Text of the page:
Network morning news programs showcase musicians all the time with concert series and the like, and sometimes musicians make political statements in between songs, as Bruce Springsteen did on the September 28 "Today" show. But usually those segments are fluffy revenue raisers meant to hook audiences with popular musical acts. The politics are notable for their general left-wing slant, but otherwise unconnected to the news reporting on the program or the network.
Not so with Michael Stipe's appearance on the October 10 "Anderson Cooper 360," which will give Stipe and his band REM a platform to make a politically correct ecological statement in line with CNN's upcoming special, "Planet in Peril."
According to CNN.com:
(CNN) -- Rock group R.E.M. plans to debut a song from its upcoming album Wednesday on CNN's "Anderson Cooper 360°" program.
The song "Until the Day Is Done" also will appear later this month in "Planet in Peril," a four-hour CNN documentary that looks at environmental crises around the world.
"With 'Planet in Peril,' Anderson Cooper and his team have done an amazing job capturing global eco-devastation," said R.E.M singer Michael Stipe in a news release. "The images in the film are beautiful, while at the same time heartbreaking and frightening. We are honored to have our song included in this monumental project."This isn't the first time R.E.M. has worked with Cooper. The band premiered its video "Bad Day" on the show in 2002.
Speaking of "Bad Day," Stipe himself has said the song and the video he produced to go along with it took a cynical, satirical look at 24/7 news channels, of which, of course, CNN is one.
Here's more of that via a Nexis transcript of an Oct. 3, 2003 appearance on "Today," wherein Stip took a few swipes at President Bush, Karl Rove, Rush Limbaugh, and then-gubernatorial candidate Arnold Schwarzenegger as he introduced the song.:
COURIC: Anyway, all right. So tell me a little bit about this new CD. You don't like to call it greatest hits. It's a collection. but you have two new songs on it, right?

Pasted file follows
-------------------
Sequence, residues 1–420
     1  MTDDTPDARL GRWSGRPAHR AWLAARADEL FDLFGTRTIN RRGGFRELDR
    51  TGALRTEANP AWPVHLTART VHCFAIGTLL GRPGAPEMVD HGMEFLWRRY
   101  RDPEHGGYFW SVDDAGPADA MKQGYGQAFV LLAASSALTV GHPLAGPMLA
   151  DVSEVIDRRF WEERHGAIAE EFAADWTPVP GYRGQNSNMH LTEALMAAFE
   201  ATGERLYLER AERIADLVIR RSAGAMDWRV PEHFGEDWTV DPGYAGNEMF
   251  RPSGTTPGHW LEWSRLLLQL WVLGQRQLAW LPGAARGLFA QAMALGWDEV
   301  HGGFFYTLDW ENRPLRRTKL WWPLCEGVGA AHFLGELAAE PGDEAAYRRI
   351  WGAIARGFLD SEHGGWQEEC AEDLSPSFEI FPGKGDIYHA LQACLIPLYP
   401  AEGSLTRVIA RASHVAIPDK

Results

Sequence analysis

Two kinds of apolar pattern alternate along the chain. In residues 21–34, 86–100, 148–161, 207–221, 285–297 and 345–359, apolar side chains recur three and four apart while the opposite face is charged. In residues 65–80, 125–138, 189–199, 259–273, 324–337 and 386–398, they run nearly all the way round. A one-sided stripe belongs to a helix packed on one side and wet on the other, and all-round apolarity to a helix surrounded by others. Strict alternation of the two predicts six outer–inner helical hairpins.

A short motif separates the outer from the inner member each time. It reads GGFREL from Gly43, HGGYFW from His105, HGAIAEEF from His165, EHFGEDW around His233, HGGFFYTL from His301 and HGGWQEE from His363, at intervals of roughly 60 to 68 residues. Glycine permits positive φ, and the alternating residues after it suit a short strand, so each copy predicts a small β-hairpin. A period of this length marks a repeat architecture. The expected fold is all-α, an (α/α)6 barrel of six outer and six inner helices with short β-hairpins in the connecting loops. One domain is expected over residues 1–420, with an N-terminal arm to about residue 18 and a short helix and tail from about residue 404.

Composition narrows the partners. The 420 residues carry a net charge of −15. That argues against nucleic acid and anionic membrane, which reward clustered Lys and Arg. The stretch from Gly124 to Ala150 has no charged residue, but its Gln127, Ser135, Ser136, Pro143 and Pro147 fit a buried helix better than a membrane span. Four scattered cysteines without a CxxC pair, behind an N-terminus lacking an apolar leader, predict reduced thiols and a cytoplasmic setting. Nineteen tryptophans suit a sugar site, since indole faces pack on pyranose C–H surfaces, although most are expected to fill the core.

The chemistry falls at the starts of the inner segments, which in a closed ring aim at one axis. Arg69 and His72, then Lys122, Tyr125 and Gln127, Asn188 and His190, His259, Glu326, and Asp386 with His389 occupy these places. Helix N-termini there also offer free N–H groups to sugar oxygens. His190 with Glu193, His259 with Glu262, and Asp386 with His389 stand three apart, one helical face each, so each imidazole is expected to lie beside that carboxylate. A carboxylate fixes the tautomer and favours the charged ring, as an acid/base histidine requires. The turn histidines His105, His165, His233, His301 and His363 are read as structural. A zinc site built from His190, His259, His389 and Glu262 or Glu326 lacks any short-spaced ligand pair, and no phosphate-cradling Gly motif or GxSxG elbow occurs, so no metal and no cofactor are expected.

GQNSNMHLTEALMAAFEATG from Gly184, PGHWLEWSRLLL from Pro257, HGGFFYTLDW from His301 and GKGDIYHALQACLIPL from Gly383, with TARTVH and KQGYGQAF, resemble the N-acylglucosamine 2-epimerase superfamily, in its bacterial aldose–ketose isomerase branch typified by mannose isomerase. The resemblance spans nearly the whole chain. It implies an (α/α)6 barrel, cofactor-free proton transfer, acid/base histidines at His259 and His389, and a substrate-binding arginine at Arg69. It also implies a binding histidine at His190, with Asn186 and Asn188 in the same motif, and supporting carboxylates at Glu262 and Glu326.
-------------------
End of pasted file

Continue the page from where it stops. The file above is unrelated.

Mr. STIPE: We have two new songs, "Bad Day," which is the single that's out right now, and another song called "Animal."
COURIC: But most of it is sort of old songs that we've heard before, yes?
Mr. STIPE: Yeah. It's--it's songs that were in the top 40s somewhere in the world over the past 15 years, songs that--the songs that people know us the most for.
COURIC: Meanwhile, "Bad Day," I heard you started writing in 19...
Mr. STIPE: It's a bad--it's a day for Limbaugh, isn't it?
COURIC: Oh. You know...
Mr. STIPE: It's a bad day for Schwarzenegger. It's a bad day for Bush. It's a bad day for Rove. It's a good day for me.
COURIC: But it's a good day for us because you're here.
Mr. STIPE: Yeah. Thank you.
COURIC: Tell me a little bit how you came up with the whole morning show theme, because we showed that video and we have a piece of it to show where you guys did a a whole play off of a morning show, which is very funny.
Mr. STIPE: Yeah.
COURIC: Of course, we, in particular, get a kick out of it. How did you come up with that idea?
Mr. STIPE: We wanted to parody and satire something that's ripe for satire, which is 24-hour American news stations. And it was much easier to be an anchorman than I thought.
COURIC: Well, you did a great job. And as I said, you started writing this song in 1987, so it's great to finally get a chance to listen to it.
Mr. STIPE: It is.
COURIC: So you guys, Michael Stipe, Peter Buck and Mike Mills, what are you going to play for us now? "Bad Day," right?
Mr. STIPE: "Bad Day," yes.
Mr. STIPE: Thank you.
(R.E.M. performs "Bad Day")